China on Thursday justified the arrest of a 90-year-old Catholic cardinal in Hong Kong under its national security law, an act that has sparked international outrage and heightened concern about a worsening crackdown in the financial hub.
One of Asia’s most prominent Catholic clergy, retired Archbishop Joseph Zinn, was among a group of pro-democracy figures arrested Wednesday for “collusion with foreign forces”.
Singer Denise Ho, gay rights activist, lawyer Margaret Ng, academic Hwi Bo Kyung and the latter were also arrested at the airport as he was preparing to leave for Europe where he had secured a university position.
“The individuals involved are suspected of conspiring to collude with foreign countries or foreign forces in order to endanger national security – an act of a serious nature,” the commissioner’s office, which represents the State Department, said in a statement. From Beijing to Hong Kong.
All four were arrested for co-managing a now-dissolved fund, the 612 Humanitarian Relief Fund, which aims to fund the defense of activists arrested during the massive pro-democracy demonstrations that rocked the former British colony in 2019.
Beijing put an end to this massive protest movement and turned Hong Kong, long considered a bastion of free speech, into a region under the growing influence of authoritarian China.
Mr. Zain and the three other figures, who were released on bail Wednesday night, joined more than 180 Hong Kong people arrested in the name of the strict national security law imposed by Beijing in June 2020.
“appalling escalation »
Usually, defendants are not released on bail and can be sentenced to life in prison.
Several Western countries have accused China of wanting to end the freedoms it promised to respect in the territory after the return of the former British colony in 1997.
The United States called on Beijing to “stop targeting those who defend Hong Kong” and the Vatican said it was “following the development of the situation with great interest.”
The Canadian foreign minister described this wave of arrests as “extremely disturbing” and the head of EU diplomacy Josep Borrell expressed his “grave concern”.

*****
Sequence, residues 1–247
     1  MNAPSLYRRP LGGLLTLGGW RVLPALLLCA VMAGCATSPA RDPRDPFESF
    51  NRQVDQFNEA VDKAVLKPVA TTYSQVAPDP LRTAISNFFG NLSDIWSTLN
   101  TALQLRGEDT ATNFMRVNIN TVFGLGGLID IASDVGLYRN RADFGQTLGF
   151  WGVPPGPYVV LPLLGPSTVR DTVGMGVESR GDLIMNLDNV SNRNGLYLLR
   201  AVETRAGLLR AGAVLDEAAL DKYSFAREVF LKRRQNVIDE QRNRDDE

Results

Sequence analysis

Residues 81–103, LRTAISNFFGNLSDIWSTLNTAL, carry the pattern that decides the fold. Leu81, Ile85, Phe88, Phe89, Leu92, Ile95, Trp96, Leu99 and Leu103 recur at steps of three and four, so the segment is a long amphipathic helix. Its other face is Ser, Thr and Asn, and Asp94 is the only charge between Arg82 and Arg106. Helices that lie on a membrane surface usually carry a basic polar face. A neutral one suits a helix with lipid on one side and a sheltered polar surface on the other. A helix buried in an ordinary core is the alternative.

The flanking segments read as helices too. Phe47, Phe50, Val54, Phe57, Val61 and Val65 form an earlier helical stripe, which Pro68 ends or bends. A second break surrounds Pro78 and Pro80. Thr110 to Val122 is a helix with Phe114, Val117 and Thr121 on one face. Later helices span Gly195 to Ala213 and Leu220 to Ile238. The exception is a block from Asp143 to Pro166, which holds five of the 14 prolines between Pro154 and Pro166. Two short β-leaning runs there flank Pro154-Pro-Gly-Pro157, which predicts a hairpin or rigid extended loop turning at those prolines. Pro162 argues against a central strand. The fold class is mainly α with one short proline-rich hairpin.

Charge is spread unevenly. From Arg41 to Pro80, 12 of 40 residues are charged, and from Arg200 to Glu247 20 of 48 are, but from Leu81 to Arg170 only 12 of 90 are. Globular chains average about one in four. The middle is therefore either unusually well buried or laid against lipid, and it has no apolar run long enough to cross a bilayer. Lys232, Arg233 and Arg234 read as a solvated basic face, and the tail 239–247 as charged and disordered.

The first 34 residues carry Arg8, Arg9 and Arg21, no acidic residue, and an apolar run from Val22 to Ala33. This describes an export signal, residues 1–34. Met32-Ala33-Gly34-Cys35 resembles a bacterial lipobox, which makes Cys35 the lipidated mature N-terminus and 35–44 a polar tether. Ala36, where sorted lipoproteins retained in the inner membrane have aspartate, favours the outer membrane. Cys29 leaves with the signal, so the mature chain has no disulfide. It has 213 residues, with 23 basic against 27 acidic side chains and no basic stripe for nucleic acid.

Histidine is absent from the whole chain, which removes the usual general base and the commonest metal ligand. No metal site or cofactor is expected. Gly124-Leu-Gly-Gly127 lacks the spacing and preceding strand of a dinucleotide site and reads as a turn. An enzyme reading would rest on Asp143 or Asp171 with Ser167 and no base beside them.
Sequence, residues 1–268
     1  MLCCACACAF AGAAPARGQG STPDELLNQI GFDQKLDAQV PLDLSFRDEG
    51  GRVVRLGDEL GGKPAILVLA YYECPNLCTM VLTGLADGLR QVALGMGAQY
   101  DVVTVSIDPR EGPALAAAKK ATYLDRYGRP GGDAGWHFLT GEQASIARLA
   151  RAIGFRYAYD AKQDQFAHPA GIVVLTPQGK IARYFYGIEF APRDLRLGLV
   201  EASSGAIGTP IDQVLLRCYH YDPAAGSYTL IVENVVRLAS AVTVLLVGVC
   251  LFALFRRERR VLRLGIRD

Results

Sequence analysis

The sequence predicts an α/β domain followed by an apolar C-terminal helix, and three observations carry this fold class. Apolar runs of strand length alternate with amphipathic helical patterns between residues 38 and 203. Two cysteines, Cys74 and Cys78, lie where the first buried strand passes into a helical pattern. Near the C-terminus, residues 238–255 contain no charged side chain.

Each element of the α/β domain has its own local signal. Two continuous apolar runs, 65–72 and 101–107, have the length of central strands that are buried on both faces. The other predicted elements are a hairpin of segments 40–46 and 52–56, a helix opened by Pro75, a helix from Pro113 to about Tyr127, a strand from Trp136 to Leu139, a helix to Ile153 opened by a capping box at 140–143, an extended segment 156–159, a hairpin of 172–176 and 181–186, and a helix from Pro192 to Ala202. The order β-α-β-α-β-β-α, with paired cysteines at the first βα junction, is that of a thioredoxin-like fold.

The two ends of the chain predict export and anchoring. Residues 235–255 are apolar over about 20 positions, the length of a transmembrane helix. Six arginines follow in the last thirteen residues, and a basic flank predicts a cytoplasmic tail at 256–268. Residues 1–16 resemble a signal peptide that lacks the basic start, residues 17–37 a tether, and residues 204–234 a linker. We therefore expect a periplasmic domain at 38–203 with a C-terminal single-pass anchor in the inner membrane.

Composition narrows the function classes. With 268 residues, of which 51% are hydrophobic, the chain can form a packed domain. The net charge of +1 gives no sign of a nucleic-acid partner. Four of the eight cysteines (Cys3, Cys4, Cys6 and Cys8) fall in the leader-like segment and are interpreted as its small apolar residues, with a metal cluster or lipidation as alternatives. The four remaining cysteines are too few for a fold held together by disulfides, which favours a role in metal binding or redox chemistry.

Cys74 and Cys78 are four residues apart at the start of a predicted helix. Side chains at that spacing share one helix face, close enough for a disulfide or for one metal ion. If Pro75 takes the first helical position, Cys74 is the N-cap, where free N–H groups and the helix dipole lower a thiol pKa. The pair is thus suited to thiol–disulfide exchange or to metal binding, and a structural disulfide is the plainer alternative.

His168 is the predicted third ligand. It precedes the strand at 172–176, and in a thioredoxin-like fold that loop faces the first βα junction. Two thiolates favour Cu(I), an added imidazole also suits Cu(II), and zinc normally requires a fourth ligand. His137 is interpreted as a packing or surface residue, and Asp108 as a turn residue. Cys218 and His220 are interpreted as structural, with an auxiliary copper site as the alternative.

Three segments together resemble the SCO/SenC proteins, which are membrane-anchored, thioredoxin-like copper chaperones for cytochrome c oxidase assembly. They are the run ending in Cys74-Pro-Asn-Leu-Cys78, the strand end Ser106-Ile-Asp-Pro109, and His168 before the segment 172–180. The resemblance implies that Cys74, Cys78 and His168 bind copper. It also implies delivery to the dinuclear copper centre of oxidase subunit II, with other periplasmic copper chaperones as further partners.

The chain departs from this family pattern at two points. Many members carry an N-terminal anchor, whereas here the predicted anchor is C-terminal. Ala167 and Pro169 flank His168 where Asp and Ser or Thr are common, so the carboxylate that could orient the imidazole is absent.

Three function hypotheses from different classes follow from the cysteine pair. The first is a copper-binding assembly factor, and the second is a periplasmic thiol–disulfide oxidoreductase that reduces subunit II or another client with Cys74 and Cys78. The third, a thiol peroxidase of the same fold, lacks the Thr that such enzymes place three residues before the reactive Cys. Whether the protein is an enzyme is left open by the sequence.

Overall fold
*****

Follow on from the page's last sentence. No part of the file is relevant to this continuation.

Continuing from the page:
Human Rights Watch denounced Hong Kong’s “shocking new decline.”
“Even considering that repression has recently intensified in Hong Kong, these arrests constitute a shocking and appalling escalation,” Amnesty International added.
Cardinal Zen had left Shanghai after the Communists came to power in China in 1949 and became bishop of Hong Kong, where about 400,000 Catholics live.
He had been particularly critical of the compromise reached between the Holy See and Beijing regarding the appointment of bishops in China, and had long been known as a tireless defender of the pro-democracy movement.
In recent years, Hong Kong’s Catholic hierarchy, including Zen’s successors, has been less vocal about Beijing.
“Sword of Damocles
His arrest shocked Hong Kong’s Catholic community, which, unlike the mainland, is free to practice its faith without state control.
“The arrest of Cardinal Zen is a blow to the whole Church in Hong Kong, China and the world,” Italian missionary Franco Milla, 73, who lives in Hong Kong, told AFP.
“It has become clear that there is a sword of Damocles on Zane and the other members of the Church.”
Laura, a public lady visiting a church on Thursday, said worshipers fear Hong Kong will become like China in religious matters.
Ta Kung Pao, a national newspaper affiliated with the Hong Kong Liaison Office in Beijing, published an article on Thursday detailing “six crimes” allegedly committed by the group and its defense fund.
He also reported a donation of 1.3 million Hong Kong dollars (158 thousand euros) from the Apple Daily, a pro-democracy newspaper that was forced to close last year after its assets were frozen on behalf of the Security Act.
Most of the alleged facts mentioned by Ta Kung Pao occurred before the enactment of this law which is not supposed to be retroactive.
The fund was dismantled last year after the National Security Police requested access to information about donors and recipients.
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